• Formation of Coordination Committee: Within a month of the notification of the regulations and comprising a nominee each from the DISCOM, State Transmission Utility (STU), and SLDC. The State Transmission Utility (STU). The coordination committee shall facilitate timely approvals of connectivity and open access applications.
  • Connectivity level: For consumers or generating stations or captive generators, the connectivity level shall be as follows:

  • Procedure for connectivity to intra-state transmission system:

MPERC Proposes to Revise Open Access Regulation

The Madhya Pradesh Electricity Regulatory Commission (MPERC) on 18th June 24, 2015 has proposed a new regulation for open access power transactions in the state. The proposed regulation will revise the previous open access regulation 2005. The regulation will come into force from the date of publication in the official Gazette.

The regulation will apply to open access customers for use of intra-state transmission system and distribution system, including systems when it is used in conjunction with inter-state transmission system.

The open access will be allowed for Non-conventions Energy sources, Captive Generating Plants of Conventional Energy, and to all other open access consumers with load of 1MW and above.

Categorization of Open Access Consumer:

  • Long-term Open Access: Any consumer availing open access for a period of exceeding 12 years but not exceeding 25 years.
  • Medium-term Open Access: customers availing open access for a period exceeding 3 months but not exceeding 3 years at a time.
  • Short-term Open Access: Consumer availing open access for a period up to one month at a time.

Charges for Open Access: The commission from time to time will fix (calculate) various charges to be payable by the open access consumer to the distribution licensee.

The various charges payable by the open access consumers will include Wheeling Charges, Transmission Charges, and Imbalance Charges.  The OA consumer will also bear Reactive Energy Charge, Interconnection expenses, Operating Charges, additional surcharge and any other charge levied by the commission.

Losses - Apart from this, the open access customers will have to bear energy losses of transmission system and distribution system as approved by the Commission from time to time.

Metering - Open access customers will be responsible for providing ABT compatible interface meters as main meters based on voltage, point and period of supply and tariff category.

Communication facility: The communication facility to be provided by the customer will be defined by SLDC on a case-to-case basis. The open access customer shall have to provide all such facilities.

The more details about procedure and guidelines can be read in the proposed regulations here.

Jharkhand Notifies Draft Solar Policy 2015

The Government of Jharkhand has recently notified draft for new solar policy. The new policy will be known as the Jharkhand State Solar Power Policy 2015. The new Policy will be in operation for five (5) years from the date of issuance and will remain operational till modified or superseded by a new policy.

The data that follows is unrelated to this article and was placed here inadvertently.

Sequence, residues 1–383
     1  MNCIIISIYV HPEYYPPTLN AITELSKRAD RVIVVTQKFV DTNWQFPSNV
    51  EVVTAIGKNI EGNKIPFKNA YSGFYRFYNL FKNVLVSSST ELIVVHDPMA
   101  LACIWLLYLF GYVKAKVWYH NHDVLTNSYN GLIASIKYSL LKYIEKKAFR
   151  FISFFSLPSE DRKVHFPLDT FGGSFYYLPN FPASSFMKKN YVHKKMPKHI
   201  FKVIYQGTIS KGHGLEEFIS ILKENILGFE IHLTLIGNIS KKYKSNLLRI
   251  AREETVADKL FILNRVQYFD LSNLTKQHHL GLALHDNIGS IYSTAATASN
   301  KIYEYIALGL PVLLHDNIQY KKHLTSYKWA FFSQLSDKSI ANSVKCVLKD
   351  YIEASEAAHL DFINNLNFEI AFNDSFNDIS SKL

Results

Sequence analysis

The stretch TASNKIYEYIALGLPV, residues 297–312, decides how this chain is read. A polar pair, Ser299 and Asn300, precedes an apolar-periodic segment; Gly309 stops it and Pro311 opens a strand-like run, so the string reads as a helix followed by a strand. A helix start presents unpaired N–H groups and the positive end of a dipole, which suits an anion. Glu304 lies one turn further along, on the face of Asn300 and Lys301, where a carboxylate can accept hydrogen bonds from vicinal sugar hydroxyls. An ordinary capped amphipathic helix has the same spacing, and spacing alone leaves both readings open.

Objectives of the Policy:

The Policy targets to achieve 2500 MW of solar energy by 2020 and with an objective of promoting local manufacturing facilities and generating employment in the state.

Minimum Target: The minimum size of the solar PV power plant at single location shall be 1 MW.  The targets of the policy are elaborated below –

Implementation Plan

1)      Utility Scale Projects:

  • Development of Solar Power Plants for Sale of Electricity to the Distribution Licensee.
  • Generations of Solar Power for Sale of Electricity to Third party or through Open Access.
  • Development of Solar Parks.
  • Development of Solar Power Plants under REC Mechanism.
  • Development of Solar Power Plants on Canals.
  • Development of Solar Power Plants under the schemes announced by Government of India.

 2)      Rooftop Solar Photovoltaic Power Plants Connected with Electricity System:

  •  Development of Solar Power plants for sale of electricity to the distribution Licensee.
  • Generation and sale of electricity to a person/entity other than distribution licensee via Open Access mode.
  • Generation, Captive Consumption and injection of surplus electricity under Net Energy Metering Mechanism.

3)      Decentralized & Off-Grid Solar ApplicationsThe Government will also promote decentralized and off grid solar applications, to meet the requirements of electricity and thermal energy, as per the guidelines issued by Ministry of New and Renewable Energy, Govt. of India.

Incentives Offered:

  • Exemption from the payment of Electricity Duty.
  • Deemed Industry Status will provided.
  • Pollution Clearance.
  • Open Access will be allowed.
  • Exemption from payment of Conversion Charges.
  • Exemption from the payment of VAT & Entry Tax.
  • Exemption from wheeling Charges.
  • Exemption from Distribution Losses.
  • Exemption from payment of Cross Subsidy Surcharge.
  • Banking for 100% of energy during all 12 months of the year.
  • Third Party Sale within or outside the State will be allowed.
  • Must run status for Solar Power Projects.